From an app to help people with speech disorders, to an engineering design to make jet engines more efficient, the LAUNCH.ed 2018 Business Ideas Competition has celebrated the inventiveness of students and recent graduates.
There were more than 100 entries in the annual competition, which for the first time included a separate engineering-focused category, sponsored by Sainsbury Management Fellows’ Engineers in Business Fellowship.
In another first for the competition, the awards ceremony was preceeded by a panel discussion, ‘How to Win at Business Competitions’, featuring successful past and present LAUNCH.ed clients and an Edinburgh Innovations business adviser.
In each of the two parts of the competition, three awards were presented, including cash prizes of £500, £300 and £200.
First prize in the general competition went to Wang Yau Li for Speakeasy, an app to help people with speech disorders.
Yau Li, who is studying for an MSc in Speech and Language Processing, aims to develop a speech analysis and feedback app to allow people undertaking speech therapy to improve their independent practice between therapy sessions.
Runner-up was fifth-year Informatics undergraduate Karol Stanski for his system to identify and count plants and animals using drone imagery.
Karol has developed a prototype while working on a dissertation project with the School of Geosciences. He aims to replace the manual process of species counting with a near-real-time system for ecologists tracking changes in biodiversity.
Third place was taken by Alexander Adam Laurence, who aims to enable NGOs to assess malnutrition in children using AI to analyse smart phone photos of children’s fingernails.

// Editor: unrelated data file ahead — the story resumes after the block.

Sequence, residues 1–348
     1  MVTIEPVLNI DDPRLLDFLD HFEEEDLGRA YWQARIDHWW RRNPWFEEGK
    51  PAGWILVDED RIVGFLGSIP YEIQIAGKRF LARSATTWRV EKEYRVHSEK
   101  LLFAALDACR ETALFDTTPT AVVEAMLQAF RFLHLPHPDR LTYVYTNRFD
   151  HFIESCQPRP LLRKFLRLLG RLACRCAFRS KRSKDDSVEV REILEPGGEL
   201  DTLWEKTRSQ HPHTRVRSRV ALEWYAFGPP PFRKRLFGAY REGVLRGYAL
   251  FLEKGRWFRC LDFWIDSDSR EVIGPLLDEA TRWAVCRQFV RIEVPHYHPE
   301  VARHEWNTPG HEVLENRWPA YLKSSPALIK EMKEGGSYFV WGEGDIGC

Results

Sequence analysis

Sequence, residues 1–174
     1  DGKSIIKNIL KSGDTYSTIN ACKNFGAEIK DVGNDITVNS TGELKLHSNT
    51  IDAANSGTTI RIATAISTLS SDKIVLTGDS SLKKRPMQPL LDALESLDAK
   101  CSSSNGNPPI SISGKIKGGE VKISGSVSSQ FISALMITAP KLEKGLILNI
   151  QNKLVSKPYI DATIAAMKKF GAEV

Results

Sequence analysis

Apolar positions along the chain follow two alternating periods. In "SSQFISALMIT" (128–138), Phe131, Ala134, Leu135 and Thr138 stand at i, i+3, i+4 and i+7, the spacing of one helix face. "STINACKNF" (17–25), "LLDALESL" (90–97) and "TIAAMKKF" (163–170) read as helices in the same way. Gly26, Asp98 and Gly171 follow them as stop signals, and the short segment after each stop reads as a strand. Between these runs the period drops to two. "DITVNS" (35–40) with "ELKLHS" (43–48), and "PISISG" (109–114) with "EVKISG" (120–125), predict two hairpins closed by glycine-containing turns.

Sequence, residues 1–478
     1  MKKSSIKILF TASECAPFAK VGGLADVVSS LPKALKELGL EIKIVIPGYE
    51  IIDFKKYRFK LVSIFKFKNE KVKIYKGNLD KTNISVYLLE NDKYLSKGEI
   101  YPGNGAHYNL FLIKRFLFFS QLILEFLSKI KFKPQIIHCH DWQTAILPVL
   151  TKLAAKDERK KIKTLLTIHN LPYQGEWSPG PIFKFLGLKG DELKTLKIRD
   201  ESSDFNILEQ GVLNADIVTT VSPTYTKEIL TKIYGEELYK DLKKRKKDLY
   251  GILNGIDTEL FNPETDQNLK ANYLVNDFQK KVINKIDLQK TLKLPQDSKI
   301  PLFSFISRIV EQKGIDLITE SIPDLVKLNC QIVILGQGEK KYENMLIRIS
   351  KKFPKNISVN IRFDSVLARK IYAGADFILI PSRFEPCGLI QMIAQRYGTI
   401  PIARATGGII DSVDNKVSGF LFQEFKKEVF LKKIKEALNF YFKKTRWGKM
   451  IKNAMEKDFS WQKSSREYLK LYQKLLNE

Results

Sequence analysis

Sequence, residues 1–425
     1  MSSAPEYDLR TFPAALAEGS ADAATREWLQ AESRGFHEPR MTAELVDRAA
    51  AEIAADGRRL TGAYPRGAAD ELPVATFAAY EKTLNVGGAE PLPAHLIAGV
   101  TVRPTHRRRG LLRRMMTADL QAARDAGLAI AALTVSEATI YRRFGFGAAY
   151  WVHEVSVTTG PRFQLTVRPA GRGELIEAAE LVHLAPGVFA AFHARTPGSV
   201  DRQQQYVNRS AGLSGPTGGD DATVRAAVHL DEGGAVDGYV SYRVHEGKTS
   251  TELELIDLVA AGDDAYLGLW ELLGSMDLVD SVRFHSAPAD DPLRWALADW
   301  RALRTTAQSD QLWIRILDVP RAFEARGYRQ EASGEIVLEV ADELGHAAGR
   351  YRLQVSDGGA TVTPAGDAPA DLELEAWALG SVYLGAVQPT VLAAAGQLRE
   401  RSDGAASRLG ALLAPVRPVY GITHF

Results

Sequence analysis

The competition for engineering students was won by George Dzavaryan, Moritz Muller, Iman Mouloudi and Will Saputra with Augment Bionics, which designs and manufactures affordable bionic arms for use by amputees and people born without upper limbs.
The team wants to drastically reduce the cost of functional prosthetics and are targeting an NHS partnership.
In second place came Arthur Chee and Dilyana Karavasileva with their automated strawberry-harvesting arm.
Their design aims to be more efficient and less bulky than existing designs, achieved with more degrees of freedom and an internal conveyor belt system.
And the final engineering winner was Dileep Dasari with Dassun, a simple vortex-generating system which can potentially decrease fuel consumption of turbofan engines by 10%.
More than 50 students and graduates were in the audience for the panel discussion to hear advice from LAUNCH.ed clients and business adviser Liza Sutherland.
The panel featured Alison Wood, founder of social enterprise Lilypads; Denny Schenk from Retromixer; and Lorenzo Conti, last year’s winner of the Business Ideas Competition and founder of Crover. LAUNCH.ed intern and current student Jack McMillan led the discussion and, with Lorenzo, presented the winners of this year’s Business Ideas Competition.